5 Fun Facts About Sweet Sweetback's Baadasssss Song
Article by Aaron Haughton
As we mentioned briefly in our article on the history of blaxploitation cinema, and again in even greater detail in our analysis of the film, Melvin Van Peebles' Sweet Sweetback is a major achievement in African American cinema. It was the first "black power" film, and even became required viewing for members of the Black Panther Party. It would also pioneer the movement that would later be referred to as blaxploitation, and become one of the highest grossing films of 1971.
In addition to all the factoids and historical tidbits we've already discussed, we're keeping the blaxploitation train chuggin' along with 5 fun facts you (probably) don't know about Sweet Sweetback's Baadasssss Song.
- A whole lot of stunting.
Aside from a $50,000 loan from Bill Cosby (who didn't want any equity, just the original loan amount as a return), Sweetback was entirely self-funded by Van Peebles, who put every cent of his earnings from his previous picture, Watermelon Man, into the film. With a shoestring budget, Van Peebles couldn't afford a stunt man, so he did what anyone else would do: he performed them all himself. One scene in the film required Sweetback (who was also played by Van Peebles) to jump off a bridge. Van Peebles was hoping to get the shot in one take, but he ended up having to do it nine times. That's dedication.
- "A workplace injury."
So, remember when we said that Van Peebles performed all the stunts in the film? Well, apparently, part of those stunts included appearing in several unsimulated sex scenes, which would cause Van Peebles to contract gonorrhea from one of the actresses over the course of the shoot. It was then that Van Peebles had a sudden stroke of genius. He decided he would apply for compensation from the Directors Guild because technically he "got hurt on the job." The Directors Guild ponied up the dough for the "damages," and Van Peebles turned around and used that money to buy more film. How baadasssss is that?!
- Like father, like son.
Melvin's son, Mario Van Peebles, 13-years old at the time of the film's shooting, makes his screen debut in Sweetback as the younger iteration of the titular character. In the "shocking" opening of the film, young Sweetback loses his virginity to a prostitute, which transforms him into the older, Marvin Van Peebles version of Sweetback. This scene was censored on British editions of the DVD because it breaches the Child Protection Act, but unlike his father's sex scenes in the film, Mario's was clearly simulated.
- Earth, Wind, & Fire for dirt cheap.
Just like with the stunts, Van Peebles had no funds to hire a composer for the film's score, so he did it himself. Because he didn't know how to read or write music, he numbered all of the keys on a piano so he could remember the melodies. The film's music was performed by the then-unknown group Earth, Wind & Fire, who were living in a single apartment at the time with hardly any food to eat. Van Peebles' secretary was dating one of the band members, and convinced him to contact them about performing the music for the film. Van Peebles paid the band with a check that later bounced. To this day, the band has still not been paid for their contribution to the film. That's cold, especially considering how integral to the film the score became.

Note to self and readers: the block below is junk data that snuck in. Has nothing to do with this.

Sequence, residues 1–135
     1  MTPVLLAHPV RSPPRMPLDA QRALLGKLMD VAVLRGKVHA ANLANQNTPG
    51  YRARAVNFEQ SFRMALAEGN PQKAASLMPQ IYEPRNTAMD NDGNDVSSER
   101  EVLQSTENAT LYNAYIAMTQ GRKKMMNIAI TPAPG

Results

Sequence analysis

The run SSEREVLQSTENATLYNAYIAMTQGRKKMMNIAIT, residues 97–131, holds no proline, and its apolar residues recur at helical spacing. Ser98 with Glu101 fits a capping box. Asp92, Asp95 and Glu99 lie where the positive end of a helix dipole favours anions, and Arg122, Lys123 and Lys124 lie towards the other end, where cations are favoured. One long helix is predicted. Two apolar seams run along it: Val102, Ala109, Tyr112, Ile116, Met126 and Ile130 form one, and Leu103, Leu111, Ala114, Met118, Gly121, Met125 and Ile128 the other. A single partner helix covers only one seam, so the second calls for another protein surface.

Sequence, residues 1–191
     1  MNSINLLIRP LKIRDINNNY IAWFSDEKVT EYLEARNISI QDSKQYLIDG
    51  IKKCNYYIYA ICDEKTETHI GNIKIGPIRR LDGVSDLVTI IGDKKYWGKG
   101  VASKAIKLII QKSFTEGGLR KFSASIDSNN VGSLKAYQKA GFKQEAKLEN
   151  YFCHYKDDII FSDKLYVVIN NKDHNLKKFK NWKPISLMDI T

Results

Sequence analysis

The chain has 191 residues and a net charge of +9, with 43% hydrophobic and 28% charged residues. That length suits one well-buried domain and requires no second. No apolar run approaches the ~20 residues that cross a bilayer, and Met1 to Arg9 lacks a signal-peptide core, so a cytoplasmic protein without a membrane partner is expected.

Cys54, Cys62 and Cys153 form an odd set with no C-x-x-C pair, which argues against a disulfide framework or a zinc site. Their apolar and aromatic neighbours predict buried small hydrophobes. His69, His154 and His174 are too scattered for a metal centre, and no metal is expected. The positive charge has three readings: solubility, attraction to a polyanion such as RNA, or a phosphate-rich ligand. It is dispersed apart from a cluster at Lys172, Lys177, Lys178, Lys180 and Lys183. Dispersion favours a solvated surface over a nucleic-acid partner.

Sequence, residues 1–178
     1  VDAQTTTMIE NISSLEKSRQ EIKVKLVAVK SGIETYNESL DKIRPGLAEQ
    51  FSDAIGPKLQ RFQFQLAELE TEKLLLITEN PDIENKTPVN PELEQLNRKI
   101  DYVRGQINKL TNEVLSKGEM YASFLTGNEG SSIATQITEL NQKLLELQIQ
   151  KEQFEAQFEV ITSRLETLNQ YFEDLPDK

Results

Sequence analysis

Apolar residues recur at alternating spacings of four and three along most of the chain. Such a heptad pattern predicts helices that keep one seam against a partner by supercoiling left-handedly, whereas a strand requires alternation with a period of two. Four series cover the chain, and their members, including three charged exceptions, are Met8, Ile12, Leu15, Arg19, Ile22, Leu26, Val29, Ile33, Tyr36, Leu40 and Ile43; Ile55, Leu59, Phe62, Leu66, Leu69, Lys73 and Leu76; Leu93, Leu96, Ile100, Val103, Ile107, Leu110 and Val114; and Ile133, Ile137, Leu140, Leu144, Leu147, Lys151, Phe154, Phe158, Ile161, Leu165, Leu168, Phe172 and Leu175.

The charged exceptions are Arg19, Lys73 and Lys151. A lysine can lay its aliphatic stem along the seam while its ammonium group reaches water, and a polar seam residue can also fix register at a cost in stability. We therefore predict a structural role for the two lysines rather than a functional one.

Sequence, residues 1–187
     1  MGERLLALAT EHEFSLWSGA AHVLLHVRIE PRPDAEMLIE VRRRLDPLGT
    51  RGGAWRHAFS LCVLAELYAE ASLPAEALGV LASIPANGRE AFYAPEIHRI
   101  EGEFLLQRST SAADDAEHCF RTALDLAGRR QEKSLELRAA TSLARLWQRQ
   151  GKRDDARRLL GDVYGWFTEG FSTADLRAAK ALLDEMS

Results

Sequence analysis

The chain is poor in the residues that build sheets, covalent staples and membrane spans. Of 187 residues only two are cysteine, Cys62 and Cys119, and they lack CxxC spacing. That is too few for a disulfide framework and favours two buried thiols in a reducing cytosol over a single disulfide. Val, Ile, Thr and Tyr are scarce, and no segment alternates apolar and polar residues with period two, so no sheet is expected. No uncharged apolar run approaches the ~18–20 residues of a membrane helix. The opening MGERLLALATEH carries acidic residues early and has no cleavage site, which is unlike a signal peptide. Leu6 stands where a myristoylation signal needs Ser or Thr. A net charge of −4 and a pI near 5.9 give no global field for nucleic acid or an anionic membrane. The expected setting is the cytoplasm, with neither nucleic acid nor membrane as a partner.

- Armed on set.
Van Peebles and several key crew members were armed while shooting because it was dangerous to attempt to create a film without the support of the union. One day, Van Peebles looked for his gun, and couldn't find it. He later found out that someone had unknowingly put it in the prop box. When filming the scene in which Beetle is interrogated by police, who pop off a shot next to both of his ears, everyone feared that the real gun would be picked up instead of the prop. They ended up choosing correctly...
Another incident occurred while shooting a sequence with members of the Hells Angels. One of the bikers told Van Peebles they wanted to leave, and Van Peebles responded by telling them they were paid to shoot until the scene was over and that's what they're gonna do. The biker didn't like that too much. He took out a knife and started cleaning his fingernails with it in an act of intimidation. In response, Van Peebles snapped his fingers, and his strapped crew members were standing there with their sights aimed at the biker. Needless to say, all the bikers stayed to shoot the rest of the scene.
What do you think? Did we leave out your favorite factoid? Did you learn anything new? We want to know. Share your thoughts and feelings in the comments section below, and as always, remember to viddy well, sucka!